The memorable Jack Brule

In the March 2 issue of “Publisher’s Weekly,” there’s a starred preview of Ward Just’s novel to be published this July, Exiles in the Garden.  The reviewer says, “Just writes with confidence and authority as he works through larger themes of politics, history, war and historical judgment.”

I’ll be eager to read it — I’ve been waiting for another book from Just as seductive as An Unfinished Season (finalist for the 2005 Pulitzers). Put another way, Forgetfulness that followed An Unfinished Seasonwas a huge disappointment for me with its unsatisfying story about Moroccan terrorists and the death of a French woman — nothing near Unfinished Season’s moving 1950s summer story of Wils Ravan getting involved with the daughter of a famous psychiatrist named Jack Brule whose friends include Adlai Stevenson and Marlon Brando.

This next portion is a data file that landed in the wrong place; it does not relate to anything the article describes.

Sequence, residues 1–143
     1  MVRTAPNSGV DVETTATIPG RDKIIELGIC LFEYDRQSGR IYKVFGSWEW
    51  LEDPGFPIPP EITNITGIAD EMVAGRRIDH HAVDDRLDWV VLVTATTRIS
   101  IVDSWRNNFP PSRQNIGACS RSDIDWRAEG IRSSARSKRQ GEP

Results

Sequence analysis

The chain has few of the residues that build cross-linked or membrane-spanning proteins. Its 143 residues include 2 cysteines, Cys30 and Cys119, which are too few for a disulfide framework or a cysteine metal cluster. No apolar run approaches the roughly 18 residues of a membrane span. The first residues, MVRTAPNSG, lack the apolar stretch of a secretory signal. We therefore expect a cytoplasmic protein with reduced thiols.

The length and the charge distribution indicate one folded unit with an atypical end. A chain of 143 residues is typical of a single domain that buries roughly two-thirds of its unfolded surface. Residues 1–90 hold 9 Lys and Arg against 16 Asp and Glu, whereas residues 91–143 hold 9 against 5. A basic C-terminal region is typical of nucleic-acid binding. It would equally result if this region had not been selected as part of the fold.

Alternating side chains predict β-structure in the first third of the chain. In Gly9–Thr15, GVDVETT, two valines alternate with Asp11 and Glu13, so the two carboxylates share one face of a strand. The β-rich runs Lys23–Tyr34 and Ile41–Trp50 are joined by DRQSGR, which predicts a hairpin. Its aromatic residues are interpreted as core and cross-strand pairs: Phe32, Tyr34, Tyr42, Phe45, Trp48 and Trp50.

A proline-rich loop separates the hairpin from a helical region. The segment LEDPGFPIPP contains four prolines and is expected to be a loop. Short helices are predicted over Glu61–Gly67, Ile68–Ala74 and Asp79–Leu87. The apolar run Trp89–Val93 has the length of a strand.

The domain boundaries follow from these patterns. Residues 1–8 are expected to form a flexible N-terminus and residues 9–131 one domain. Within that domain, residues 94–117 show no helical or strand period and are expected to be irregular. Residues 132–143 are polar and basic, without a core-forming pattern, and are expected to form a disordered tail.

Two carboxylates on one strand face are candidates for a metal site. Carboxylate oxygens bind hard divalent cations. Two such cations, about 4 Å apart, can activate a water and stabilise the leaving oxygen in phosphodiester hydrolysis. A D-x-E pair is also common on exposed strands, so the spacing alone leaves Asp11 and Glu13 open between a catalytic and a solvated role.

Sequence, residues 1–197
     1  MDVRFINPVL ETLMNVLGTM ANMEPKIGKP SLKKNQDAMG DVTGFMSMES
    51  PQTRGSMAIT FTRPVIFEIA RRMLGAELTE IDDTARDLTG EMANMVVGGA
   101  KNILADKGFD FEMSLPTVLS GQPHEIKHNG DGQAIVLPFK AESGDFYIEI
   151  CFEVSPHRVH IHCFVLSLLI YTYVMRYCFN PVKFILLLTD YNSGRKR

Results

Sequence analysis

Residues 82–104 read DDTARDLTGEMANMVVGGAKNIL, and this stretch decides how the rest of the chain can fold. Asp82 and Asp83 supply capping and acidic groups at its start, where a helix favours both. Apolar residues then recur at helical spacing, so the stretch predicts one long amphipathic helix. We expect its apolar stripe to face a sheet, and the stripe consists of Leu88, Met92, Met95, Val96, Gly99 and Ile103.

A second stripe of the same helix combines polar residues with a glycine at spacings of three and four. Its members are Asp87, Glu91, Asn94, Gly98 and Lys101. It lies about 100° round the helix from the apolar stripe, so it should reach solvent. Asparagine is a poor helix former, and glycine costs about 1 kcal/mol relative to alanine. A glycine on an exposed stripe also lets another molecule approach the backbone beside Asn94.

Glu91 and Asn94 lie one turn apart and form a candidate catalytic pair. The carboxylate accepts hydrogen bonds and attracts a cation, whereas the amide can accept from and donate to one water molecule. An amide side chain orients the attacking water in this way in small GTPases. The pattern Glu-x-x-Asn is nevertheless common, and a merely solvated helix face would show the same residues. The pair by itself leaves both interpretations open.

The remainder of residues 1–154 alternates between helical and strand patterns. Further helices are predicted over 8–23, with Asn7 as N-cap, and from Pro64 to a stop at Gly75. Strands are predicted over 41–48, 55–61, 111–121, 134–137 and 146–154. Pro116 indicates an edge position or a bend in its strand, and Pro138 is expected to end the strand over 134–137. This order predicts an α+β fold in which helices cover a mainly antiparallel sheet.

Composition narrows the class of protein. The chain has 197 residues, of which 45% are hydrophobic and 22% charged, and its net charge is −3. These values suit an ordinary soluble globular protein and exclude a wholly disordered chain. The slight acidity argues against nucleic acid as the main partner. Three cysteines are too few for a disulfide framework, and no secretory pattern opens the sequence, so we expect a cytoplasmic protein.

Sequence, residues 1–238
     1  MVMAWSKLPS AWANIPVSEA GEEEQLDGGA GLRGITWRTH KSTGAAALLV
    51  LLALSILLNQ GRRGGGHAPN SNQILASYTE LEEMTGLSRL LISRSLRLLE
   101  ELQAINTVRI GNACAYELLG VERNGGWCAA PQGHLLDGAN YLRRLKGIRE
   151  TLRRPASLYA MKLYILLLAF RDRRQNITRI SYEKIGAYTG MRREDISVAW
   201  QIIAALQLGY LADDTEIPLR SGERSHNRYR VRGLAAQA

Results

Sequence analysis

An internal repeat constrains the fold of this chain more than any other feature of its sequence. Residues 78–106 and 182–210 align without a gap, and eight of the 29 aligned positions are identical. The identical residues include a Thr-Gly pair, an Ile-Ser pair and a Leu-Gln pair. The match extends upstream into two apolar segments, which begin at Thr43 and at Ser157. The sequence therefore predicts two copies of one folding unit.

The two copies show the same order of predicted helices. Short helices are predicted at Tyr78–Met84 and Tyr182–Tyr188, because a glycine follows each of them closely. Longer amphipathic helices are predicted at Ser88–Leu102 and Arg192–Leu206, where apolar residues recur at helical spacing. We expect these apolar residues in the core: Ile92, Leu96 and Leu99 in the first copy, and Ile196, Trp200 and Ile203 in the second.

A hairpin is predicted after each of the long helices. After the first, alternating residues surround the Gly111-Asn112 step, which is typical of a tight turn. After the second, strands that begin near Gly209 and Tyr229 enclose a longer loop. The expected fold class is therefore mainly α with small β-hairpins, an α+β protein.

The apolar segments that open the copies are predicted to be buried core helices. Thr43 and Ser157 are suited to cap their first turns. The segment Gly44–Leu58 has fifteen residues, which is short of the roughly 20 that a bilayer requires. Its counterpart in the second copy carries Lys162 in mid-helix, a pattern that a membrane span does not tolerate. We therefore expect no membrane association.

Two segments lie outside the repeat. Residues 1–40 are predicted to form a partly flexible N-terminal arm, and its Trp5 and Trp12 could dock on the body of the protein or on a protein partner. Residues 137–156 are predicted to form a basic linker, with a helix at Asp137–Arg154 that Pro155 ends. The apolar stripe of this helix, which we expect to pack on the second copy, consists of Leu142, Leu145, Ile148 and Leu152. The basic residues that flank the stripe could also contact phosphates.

The aloof Jack harbors a painful and profoundly private secret from his military service during World War II, and it is this secret – one that’s even kept from his daughter – that grips Wils with insistent curiosity.

Jack says to Wils, in a much longer, stunning monologue:

“It’s a different thing entirely when you see the devil face to face, snake-eyed, malignant, merciless. He wants to erase you, destroy your soul. He’d do it in a second, without a moment’s thought or a backward glance.”